Stuck in traffic

I DON’T like driving. Being a very careful and respectful driver, I am always rather tense when I am behind the steering wheel. I therefore only take the car when I must go to places not served by public transport.

Last week I was invited to dinner by some old friends who live in an out-of-the-way place in the countryside and so I was forced to take the car.

I was due to be at their place by 7:00 pm and, since they live some 33 km from the Basilica and, according to the car navigator, the trip would only take about 41 minutes, I left at 6:00 pm. Apparently, the navigator had not taken Padua’s rush hour traffic into account, because I ended up arriving at their place at 8:30 pm! During the painstaking trip I had to stop innumerable times in front of traffic lights behind hundreds of cars progressing at a snail’s pace, with the occasional driver giving vent to his or her impatience by honking, swearing or yelling every now and then. While all this was taking place, our exhaust tubes were blowing toxic fumes into the atmosphere, making the air very unhealthy for those living nearby.

According to the World Meteorological Organization (WMO), a specialized agency of the United Nations, “2016 was an extreme year for the global climate, and stands out as the hottest year on record.” The global average temperature was about 1.1 degree Celsius higher than the pre-industrial period, but unfortunately temperatures only tell part of the story.

The Secretary-General of the WMO, Petteri Taalas, in a news release, emphasized that “carbon dioxide (CO2) and methane concentrations surged to new records,” adding that they contribute strongly to climate change. Carbon dioxide remains in the atmosphere for thousands of years, trapping heat and causing the earth to warm further. The life span of CO2 in the oceans is even longer, and is responsible for 85 percent of the warming effect on the Earth’s climate over the past decade.

“We have also broken sea ice minimum records in the Arctic and Antarctic,” Mr Taalas noted. “The Arctic is warming twice as fast as the global average, and the persistent loss of sea ice is driving weather, climate and ocean circulation patterns in other parts of the world.”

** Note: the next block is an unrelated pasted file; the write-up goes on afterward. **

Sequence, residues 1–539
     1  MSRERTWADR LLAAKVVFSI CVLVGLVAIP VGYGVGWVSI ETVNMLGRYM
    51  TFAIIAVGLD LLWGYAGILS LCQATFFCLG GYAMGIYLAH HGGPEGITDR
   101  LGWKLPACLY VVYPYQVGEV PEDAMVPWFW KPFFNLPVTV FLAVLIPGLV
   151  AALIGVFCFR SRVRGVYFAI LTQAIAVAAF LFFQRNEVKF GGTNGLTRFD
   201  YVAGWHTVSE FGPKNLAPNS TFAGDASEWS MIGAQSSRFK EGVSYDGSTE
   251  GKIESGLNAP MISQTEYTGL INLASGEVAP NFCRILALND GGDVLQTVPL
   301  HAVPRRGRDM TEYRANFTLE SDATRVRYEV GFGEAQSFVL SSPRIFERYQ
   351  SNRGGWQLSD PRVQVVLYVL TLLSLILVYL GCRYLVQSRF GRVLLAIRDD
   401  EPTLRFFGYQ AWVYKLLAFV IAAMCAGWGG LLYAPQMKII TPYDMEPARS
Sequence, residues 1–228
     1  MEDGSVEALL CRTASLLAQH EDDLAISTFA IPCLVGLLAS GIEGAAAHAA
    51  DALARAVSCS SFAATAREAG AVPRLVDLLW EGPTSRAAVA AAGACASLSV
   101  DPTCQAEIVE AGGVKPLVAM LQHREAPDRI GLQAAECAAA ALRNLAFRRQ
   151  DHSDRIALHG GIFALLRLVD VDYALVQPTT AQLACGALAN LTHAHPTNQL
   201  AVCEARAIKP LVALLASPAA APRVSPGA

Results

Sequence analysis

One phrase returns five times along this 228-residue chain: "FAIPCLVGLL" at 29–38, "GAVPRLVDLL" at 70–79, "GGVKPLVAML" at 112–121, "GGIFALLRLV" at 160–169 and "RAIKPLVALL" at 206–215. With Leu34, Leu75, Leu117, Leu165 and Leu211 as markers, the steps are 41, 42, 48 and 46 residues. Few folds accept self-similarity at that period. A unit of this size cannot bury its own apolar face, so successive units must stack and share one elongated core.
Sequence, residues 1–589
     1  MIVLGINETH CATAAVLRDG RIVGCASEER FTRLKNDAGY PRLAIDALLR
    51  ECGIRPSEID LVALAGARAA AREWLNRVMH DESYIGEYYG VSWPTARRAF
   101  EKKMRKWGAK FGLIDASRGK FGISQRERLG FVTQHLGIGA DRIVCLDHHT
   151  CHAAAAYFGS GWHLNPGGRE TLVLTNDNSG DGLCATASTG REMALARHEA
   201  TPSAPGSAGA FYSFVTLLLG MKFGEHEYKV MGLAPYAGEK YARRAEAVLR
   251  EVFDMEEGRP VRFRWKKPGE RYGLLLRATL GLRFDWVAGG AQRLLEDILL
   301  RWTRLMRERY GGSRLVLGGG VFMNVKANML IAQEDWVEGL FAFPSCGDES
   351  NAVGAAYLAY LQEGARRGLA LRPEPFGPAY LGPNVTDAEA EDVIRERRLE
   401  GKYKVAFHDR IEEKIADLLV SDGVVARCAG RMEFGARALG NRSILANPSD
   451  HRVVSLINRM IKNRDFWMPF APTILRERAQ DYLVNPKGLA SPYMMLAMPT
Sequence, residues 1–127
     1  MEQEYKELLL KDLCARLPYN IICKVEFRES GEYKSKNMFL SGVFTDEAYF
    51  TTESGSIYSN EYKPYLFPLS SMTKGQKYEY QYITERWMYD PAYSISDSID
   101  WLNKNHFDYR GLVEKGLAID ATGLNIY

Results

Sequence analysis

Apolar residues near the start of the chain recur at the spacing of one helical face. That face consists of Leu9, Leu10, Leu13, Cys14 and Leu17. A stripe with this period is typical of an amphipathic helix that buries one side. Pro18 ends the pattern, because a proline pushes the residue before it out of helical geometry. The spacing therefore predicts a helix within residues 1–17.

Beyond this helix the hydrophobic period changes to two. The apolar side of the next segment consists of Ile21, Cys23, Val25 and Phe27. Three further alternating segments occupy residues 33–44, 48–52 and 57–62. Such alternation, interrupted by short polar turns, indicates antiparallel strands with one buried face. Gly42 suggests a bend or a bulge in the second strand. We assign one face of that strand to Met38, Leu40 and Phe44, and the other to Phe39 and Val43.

Throughout 2016 there were many extreme weather events which caused huge socio-economic disruptions and losses. “A one degree change means that the amount of disasters related to weather and hydrology have been increasing,” said Mr Taalas, adding that “it will have a negative impact on the economies of countries, and it will also impact the lives and well-being of all humans.”

Since 1992, the year in which scientists started warning us about global warming, heads of state have participated in 21 climate summits, and many of them have pledged to limit greenhouse gas emissions. The 2015 Paris Agreement gave encouraging results: European leaders pledged to reduce CO2 emissions by 40 percent within 2030, while the United Stated pledged to reduce this level by 28 percent within the same year. Now, however, it seems that all this is not enough, and according to the WMO it is necessary to reduce greenhouse gas emissions by 80 percent within 2050 to achieve any appreciable result.

Pope Francis’ green encyclical Laudato Si’ says that climate change is real and a “result of human activity.” We must all change our day-to-day actions, says the Pope, adding that, “reducing greenhouse gases requires honesty, courage and responsibility.”

Solving climate change means protecting the planet and vulnerable people, and we must hear “both the cry of the earth and the cry of the poor. Faith can guide us,” says Pope Francis, for “the entire material universe speaks of God’s love, his boundless affection for us. Soil, water, mountains – everything is, as it were, a caress of God.”

The problems are big and urgent, the Pope reminds us, but we can still have hope if we act in honesty and love; in fact “humanity still has the ability to work together in building our common home… Truly, much can be done.”

Global warming is not a conqueror to kneel before, but a challenge to rise to. This is a challenge that we ourselves must rise to with God’s help – the choice is only ours. 

Updated on March 01 2017